¶17 In the body of the Harris opinion, Judge Nix stated:

"Said procedure is hereby adopted and should be followed in all future prosecutions."

¶18 Subsequent to the Harris decision, supra, the 1963 Legislature enacted Section 860 of Title 22, which became effective June 6, 1963. This statute provides:

"In all cases in which the defendant is prosecuted for a second or subsequent offense the procedure shall be as follows:

"(a) The trial shall proceed initially as though the offense charged was the first offense; when the indictment or information is read all reference to prior offenses shall be omitted; during the trial of the case no reference shall be made nor evidence received of prior offenses except as permitted by the rules of evidence; the judge shall instruct the jury only on the offense charged; the jury shall be further instructed to determine only the guilt or innocence on the offense charged, and that punishment at this time shall not be determined by the jury.

(b) If the verdict be guilty of the offense charged, that portion of the indictment or information relating to prior offenses shall be read to the jury and evidence of prior offenses shall be received. The court shall then instruct the jury on the law relating to second and subsequent offenses, and the jury shall then retire to determine the punishment, as in other cases."

¶19 Thus, this Legislative Act incorporated the rule of the Harris case into the substantive law of Oklahoma. In substance, therefore, this section of the statute divides those criminal trials wherein the defendant is charged in addition to the first offense, with the charge, "after former conviction of a felony", which is referred to in said section 860 as "second or subsequent offenses", into a two-stage trial. The first stage being the trial, for the commission of the alleged offense; and the second stage, being the proof of the former conviction of a felony.

¶20 At the conclusion of the presentation of evidence, and other matters preceding the charge being given to the jury, the instructions to be read to the jury must be settled. This settlement is between the court, the prosecutor, and the defendant, and must be accomplished at both stages of the trial. As stated by Judge Furman in Fowler v. State, 8 Okl.Cr. 130, 126 P. 831, a 1912 case:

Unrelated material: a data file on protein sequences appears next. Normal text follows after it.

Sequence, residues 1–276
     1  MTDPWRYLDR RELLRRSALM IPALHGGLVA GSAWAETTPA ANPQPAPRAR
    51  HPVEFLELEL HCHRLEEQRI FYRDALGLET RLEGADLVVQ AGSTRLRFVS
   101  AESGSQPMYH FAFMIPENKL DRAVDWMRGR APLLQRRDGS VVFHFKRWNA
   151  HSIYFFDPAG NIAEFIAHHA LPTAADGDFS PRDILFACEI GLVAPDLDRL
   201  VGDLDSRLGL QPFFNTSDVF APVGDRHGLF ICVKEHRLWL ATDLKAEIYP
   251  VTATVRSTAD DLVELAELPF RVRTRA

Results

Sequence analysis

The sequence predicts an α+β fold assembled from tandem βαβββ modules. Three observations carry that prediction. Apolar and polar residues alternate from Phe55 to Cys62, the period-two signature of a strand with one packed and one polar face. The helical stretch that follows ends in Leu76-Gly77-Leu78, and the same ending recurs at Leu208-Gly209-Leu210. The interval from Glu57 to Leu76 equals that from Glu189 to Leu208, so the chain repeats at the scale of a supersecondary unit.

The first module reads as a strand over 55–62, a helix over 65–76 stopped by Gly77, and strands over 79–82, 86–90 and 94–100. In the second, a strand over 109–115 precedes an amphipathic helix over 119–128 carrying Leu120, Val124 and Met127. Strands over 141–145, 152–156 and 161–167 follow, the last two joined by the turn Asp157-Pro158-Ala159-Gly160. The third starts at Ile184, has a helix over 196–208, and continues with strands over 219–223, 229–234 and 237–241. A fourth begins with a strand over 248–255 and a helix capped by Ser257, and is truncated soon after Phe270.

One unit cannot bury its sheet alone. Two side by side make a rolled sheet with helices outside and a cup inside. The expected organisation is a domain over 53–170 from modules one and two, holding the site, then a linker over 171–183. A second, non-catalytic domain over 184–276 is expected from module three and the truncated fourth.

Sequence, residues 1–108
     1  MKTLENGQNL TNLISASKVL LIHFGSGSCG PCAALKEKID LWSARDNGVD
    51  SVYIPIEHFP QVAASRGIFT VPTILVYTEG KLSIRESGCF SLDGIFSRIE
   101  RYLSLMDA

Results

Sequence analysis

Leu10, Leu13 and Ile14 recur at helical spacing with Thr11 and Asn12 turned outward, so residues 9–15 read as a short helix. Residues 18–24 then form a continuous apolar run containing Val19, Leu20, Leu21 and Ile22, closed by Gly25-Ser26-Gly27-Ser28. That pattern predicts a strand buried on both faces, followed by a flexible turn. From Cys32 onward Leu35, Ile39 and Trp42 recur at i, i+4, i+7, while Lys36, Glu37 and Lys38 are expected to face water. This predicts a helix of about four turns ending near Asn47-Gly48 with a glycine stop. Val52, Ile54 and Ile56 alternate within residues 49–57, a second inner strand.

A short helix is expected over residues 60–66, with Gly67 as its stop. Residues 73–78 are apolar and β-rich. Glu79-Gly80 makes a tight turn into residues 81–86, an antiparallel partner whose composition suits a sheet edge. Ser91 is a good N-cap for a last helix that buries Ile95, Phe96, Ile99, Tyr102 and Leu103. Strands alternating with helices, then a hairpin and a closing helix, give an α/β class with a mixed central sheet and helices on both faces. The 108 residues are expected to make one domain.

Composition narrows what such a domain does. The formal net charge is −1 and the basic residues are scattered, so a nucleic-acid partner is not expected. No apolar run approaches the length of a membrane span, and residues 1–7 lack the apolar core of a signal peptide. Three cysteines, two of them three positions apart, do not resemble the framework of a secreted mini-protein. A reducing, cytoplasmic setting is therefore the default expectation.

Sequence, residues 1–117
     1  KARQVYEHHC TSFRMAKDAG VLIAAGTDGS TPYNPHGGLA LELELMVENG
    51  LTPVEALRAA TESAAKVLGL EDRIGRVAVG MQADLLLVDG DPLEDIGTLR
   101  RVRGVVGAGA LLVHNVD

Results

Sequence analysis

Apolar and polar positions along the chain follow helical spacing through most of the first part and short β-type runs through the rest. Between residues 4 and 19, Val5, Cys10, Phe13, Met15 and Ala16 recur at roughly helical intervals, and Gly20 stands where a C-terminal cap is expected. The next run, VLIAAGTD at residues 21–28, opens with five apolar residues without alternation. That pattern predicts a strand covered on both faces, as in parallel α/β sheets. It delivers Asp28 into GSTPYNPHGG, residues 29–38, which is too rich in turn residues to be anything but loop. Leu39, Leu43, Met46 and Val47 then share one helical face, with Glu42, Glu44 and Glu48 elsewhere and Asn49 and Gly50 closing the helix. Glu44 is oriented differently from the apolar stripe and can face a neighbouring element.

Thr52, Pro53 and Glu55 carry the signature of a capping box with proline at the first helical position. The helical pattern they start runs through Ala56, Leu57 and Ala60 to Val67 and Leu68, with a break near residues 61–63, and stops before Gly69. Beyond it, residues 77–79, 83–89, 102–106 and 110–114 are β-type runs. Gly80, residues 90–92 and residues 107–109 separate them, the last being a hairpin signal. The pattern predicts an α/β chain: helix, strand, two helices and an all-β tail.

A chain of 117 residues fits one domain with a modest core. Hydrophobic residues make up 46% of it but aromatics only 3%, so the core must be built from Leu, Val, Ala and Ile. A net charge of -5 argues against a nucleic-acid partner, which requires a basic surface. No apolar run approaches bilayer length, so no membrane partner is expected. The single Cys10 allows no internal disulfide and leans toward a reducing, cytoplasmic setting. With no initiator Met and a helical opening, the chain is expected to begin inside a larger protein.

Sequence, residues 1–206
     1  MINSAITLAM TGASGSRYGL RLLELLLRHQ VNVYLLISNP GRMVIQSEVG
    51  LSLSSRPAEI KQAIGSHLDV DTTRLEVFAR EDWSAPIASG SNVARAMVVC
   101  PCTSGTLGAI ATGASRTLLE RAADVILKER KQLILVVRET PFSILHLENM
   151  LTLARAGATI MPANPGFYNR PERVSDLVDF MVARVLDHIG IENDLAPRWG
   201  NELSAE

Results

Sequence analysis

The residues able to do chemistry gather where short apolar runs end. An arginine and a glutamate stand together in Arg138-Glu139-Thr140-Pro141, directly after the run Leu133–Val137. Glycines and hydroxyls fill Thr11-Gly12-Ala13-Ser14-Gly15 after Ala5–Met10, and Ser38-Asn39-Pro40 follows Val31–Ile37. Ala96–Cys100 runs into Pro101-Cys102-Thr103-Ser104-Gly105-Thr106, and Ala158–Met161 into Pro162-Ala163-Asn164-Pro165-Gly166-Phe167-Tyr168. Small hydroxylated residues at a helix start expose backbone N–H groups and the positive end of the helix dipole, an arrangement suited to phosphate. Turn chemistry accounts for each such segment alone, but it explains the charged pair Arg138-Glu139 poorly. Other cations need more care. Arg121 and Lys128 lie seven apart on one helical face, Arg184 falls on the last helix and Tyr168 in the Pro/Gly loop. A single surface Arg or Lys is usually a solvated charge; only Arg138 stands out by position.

"But two questions are presented in the brief of counsel for appellant. The first is that the trial court erred in refusing to allow appellant to examine the instructions given, before they were read to the jury, in order that they might have an opportunity to present objections and save exceptions to the instructions read. The recitals contained in the record sustain this contention of counsel for appellant. There was error in this action of the court."

¶21 In the case at hand this error deprived the defendant of his statutory right, as provided in Title 22 O.S.A. § 926 [22-926], which reads:

"In all cases of a verdict of conviction for any offense against any of the laws of the State of Oklahoma, the jury may, and shall upon the request of the defendant assess and declare the punishment in their verdict within the limitations fixed by law, and the court shall render a judgment according to such verdict, except as hereinafter provided." [Emphasis supplied.]

¶22 This Court stated in Shaffer v. State, Okl.Cr., 283 P.2d 578:

"* * * [W]e have held many times it is the defendant's right to request the jury fix the penalty as provided in Section 926, supra, and it was the court's duty to abide by the statutes in regard thereto. Mougell v. State, 97 Okl.Cr. 180, 260 P.2d 447."

¶23 We are of the opinion, therefore, that criminal trials conducted under the provisions of Title 22 O.S.A. § 860 [22-860], being a two-stage trial, the instructions for each stage must be settled before they are read to the jury, as provided in Tit. 22 O.S.A. § 831 [22-831], subd. 5. Failure to settle such instructions constitutes error.

¶24 In reaching our conclusions in this case, we must consider the two errors discussed at length in this opinion, i.e., the instruction defining reasonable doubt, and the failure to permit the defendant's request for the jury to fix the punishment, to be of sufficient magnitude to require this Court to modify the sentence imposed upon the defendant by the trial court.

¶25 Considering the record before us, the writer of this opinion cannot, in good conscience, reverse the case at hand. However, had the facts been controverted, and had the question been one of close decision, being based upon circumstantial evidence, the improper instruction defining reasonable doubt would have weighed heavily in warranting its reversal for a new trial. Certainly in that instance, that improper instruction coupled with another of equal gravity would have warranted such action.

¶26 Therefore, for the reasons stated herein, the judgment and sentence imposed by the trial court is reduced from twenty years to five years. This is the minimum sentence that could have been imposed by the jury, under the provisions of Title 22 O.S.A. § 51 [22-51].

¶27 The judgment and sentence as modified is affirmed.

BUSSEY, P.J., concurs.

NIX, J., not participating.